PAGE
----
I've recently got one of these nice M5-Though devices (basically a water-proof M5-Core2). They have these 4-wire sockets to connect their sensors. The I2C socket has 4 pins for +5V, GND, SDA and SCL. According to the schematics (bottom of page), the SDA and SCL lines are directly connected to the GPIO pins of the ESP32. That means that most sensors connected to this socket will run the I2C bus at 5V. Even their own sensors (example) have pull-ups to 5V on the SDA and SCL lines.

Isn't this going to fry the ESP32? Different sources say that it's inputs are not 5V tolerant. So far, I always used the 3.3V line to power external sensors from the ESP32 (or added a level shifter).

  • you example link shows they have a shifters in front of the i2c gpios, and it explains: "use the 3.3V on SDA and SCL, M5Core GROVE provide 3.3V to data pins, 5V to power pin. only 3.3v allowed on VL53L0x". That said, weak pullups aren't as bad as a low-impedance hi/lo 5v signal, but it's easier to "ban" 5v than dig into specific devices and situations.
    – dandavis
    Feb 2, 2022 at 21:38
  • @dandavis That sentence also occurred to me, but it doesn't make sense in the context. It appears they have copied something from the documentation of the actual sensor which does no longer apply to the whole module. There is no 3.3V pin on the 4-wire line the sensor is connected with. They do use a shifter for the module, but the other way round (the ESP32 is on the left side there).
    – PMF
    Feb 2, 2022 at 21:50
  • it clearly shows the module uses 3.3v pullups(R1+2), and a 3.3v LDO (U2) on the module. This allows greater flexibility for the modules as it's easer to convert 5v to 3.3v than boost a 3.3v feed into a 5v one.
    – dandavis
    Feb 2, 2022 at 22:26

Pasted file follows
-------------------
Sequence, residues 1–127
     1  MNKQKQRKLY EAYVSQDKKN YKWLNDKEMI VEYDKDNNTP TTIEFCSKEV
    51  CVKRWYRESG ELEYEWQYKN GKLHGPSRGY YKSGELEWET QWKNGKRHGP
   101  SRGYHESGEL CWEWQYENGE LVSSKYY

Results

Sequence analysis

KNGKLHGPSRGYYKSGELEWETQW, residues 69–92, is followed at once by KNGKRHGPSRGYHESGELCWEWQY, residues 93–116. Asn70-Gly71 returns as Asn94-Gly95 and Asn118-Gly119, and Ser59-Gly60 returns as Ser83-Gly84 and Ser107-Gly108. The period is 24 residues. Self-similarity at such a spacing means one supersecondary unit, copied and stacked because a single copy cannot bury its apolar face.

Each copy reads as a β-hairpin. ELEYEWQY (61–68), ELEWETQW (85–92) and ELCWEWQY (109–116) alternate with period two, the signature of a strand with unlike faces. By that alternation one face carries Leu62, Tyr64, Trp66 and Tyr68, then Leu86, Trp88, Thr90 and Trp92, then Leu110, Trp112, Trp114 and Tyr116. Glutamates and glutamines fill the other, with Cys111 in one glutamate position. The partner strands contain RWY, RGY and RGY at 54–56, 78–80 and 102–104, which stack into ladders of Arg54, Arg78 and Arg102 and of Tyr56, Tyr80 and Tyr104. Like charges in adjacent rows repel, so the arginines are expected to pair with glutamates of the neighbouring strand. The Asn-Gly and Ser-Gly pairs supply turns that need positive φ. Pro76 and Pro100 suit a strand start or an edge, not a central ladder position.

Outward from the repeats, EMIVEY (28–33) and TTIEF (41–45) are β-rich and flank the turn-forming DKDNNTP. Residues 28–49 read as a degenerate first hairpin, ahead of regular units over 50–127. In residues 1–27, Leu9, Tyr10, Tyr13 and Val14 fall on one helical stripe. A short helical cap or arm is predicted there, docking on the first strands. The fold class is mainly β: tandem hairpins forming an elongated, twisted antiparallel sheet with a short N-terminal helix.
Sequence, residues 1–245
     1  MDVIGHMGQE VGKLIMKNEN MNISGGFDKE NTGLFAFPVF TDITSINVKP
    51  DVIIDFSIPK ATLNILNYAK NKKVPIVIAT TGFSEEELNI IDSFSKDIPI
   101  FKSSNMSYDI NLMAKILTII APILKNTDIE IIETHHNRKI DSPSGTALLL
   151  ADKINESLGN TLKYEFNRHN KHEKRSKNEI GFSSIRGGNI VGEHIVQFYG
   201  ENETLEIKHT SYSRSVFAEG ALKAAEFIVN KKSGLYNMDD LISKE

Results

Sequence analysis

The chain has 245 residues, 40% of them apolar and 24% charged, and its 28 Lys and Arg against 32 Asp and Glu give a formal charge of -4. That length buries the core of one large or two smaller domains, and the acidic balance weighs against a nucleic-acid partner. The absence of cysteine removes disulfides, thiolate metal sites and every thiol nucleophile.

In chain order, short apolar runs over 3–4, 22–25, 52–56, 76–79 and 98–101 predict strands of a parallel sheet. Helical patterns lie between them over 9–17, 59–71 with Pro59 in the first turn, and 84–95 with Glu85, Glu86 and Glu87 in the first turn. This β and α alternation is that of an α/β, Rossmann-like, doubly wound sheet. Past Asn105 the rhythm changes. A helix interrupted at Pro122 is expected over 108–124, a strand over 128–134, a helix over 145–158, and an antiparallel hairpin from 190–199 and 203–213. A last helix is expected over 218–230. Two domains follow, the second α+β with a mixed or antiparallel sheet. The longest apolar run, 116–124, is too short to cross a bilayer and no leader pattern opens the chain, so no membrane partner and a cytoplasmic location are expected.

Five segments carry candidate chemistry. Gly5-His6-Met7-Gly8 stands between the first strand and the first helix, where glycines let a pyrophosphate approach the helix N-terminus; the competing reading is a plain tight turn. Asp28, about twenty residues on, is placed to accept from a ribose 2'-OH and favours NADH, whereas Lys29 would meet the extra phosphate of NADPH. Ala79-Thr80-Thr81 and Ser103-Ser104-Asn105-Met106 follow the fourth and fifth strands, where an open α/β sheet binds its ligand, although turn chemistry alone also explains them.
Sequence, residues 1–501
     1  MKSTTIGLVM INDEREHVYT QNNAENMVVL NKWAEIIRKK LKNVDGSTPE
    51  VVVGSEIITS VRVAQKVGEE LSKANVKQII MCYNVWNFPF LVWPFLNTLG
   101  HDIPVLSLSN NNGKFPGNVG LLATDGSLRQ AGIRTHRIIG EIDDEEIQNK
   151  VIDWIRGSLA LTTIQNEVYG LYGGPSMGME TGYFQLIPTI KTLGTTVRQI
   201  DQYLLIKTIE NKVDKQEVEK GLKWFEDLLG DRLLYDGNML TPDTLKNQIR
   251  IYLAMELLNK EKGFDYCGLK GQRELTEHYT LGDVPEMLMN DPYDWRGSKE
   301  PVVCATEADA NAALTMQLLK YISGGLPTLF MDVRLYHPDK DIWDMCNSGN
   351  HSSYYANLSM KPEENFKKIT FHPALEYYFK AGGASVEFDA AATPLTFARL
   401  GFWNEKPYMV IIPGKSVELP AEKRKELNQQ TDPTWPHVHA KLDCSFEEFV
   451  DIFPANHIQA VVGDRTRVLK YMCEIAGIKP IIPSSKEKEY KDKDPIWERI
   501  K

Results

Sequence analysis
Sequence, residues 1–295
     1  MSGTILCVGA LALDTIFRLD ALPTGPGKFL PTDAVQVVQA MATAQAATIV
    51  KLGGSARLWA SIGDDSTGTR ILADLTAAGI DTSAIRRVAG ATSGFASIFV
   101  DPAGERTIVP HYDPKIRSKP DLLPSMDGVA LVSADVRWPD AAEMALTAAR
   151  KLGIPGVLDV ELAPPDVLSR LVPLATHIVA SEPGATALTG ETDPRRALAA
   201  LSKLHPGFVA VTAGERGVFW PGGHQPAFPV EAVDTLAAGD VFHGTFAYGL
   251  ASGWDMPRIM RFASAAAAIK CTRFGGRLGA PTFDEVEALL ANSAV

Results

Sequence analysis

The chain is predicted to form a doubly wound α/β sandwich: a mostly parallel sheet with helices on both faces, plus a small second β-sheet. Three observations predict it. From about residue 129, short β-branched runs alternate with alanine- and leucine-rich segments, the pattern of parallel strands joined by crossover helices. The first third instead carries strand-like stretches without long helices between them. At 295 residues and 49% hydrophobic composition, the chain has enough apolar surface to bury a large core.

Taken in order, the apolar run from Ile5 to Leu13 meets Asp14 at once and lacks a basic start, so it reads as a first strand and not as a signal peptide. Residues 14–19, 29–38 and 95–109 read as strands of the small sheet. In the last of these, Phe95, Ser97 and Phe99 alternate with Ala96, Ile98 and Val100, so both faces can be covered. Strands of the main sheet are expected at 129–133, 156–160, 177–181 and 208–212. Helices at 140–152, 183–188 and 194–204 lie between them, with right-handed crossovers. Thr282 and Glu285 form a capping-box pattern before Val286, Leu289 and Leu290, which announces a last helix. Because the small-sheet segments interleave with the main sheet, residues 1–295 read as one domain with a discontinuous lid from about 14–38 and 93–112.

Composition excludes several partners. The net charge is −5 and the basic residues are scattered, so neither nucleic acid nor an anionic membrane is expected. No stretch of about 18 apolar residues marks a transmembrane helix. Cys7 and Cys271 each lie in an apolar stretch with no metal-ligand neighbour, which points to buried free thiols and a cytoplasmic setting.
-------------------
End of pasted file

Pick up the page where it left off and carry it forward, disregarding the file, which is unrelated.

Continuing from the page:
• i agree the schematics are a bit confusing, but do you really think they would design, make, and sell a modular system where their modules broke their MCU?
    – dandavis
    Feb 3, 2022 at 6:25
  • @dandavis I would surely hope they won't. But to me it still seems they're operating the MCU outside its specs. And while their products make a mature impression, their documentation does clearly not. It's not the first time I see a modular system that, when giving it a closer look, doesn't fit together.
    – PMF
    Feb 3, 2022 at 6:37

1 Answer 1


No, it's not going to "fry" the ESP32, and here's why:

Yes, there are pullups to 5V. Those are 4.7K in your example. The IO pins are connected to 3.3V through ESD diodes. That means that any voltage over and above 3.3V plus the forward voltage of those diodes will be "diverted" away from the IO pin through the diode. IO pins have these ESD diodes built in, but this board has extra external ones added to make it more rugged.

These ESD diodes can handle a finite amount of current flowing through them - the internal ones only a small amount, but the external ones much more.

The 5V will only be a low current because it is connected with a resistor. We can even do some maths here.

Assuming the ESD diodes have a 0.3V forward voltage (as is reasonably typical) we can say that the voltage across the diode will be 5V - 3.3V - 0.3V = 1.4V.

With a 4.7K resistor as a pullup the current through the diode will be 1.4V / 4700 = 298 microamps.

That's way below the limit you'd expect of a small internal ESD diode, let alone a larger external one.

The "frying" of an IO pin happens when too much current flows through the ESD diode and it blows, "failing short", causing the IO pin to be locked in either a HIGH or LOW state for the rest of eternity. Since the current is nowhere near the kind of levels needed for that it's not going to even remotely stress the diodes, and the inclusion of external diodes makes it even safer.

  • Thanks, that sounds reasonable. But note that the external diodes in the example are to protect the sensor, not the ESP32. I'm worried about the input side of the ESP. I'll be going to attach another type of sensor, one that can operate directly at 5V and has no internal power converter.
    – PMF
    Feb 3, 2022 at 5:39
  • @PMF The ESD diodes are not on the peripheral, they are on the main unit. Section "ESD" in the top right of the main schematic. Specifically D6.
    – Majenko
    Feb 4, 2022 at 11:05
  • Thanks, I didn't understand that part.
    – PMF
    Feb 4, 2022 at 11:40

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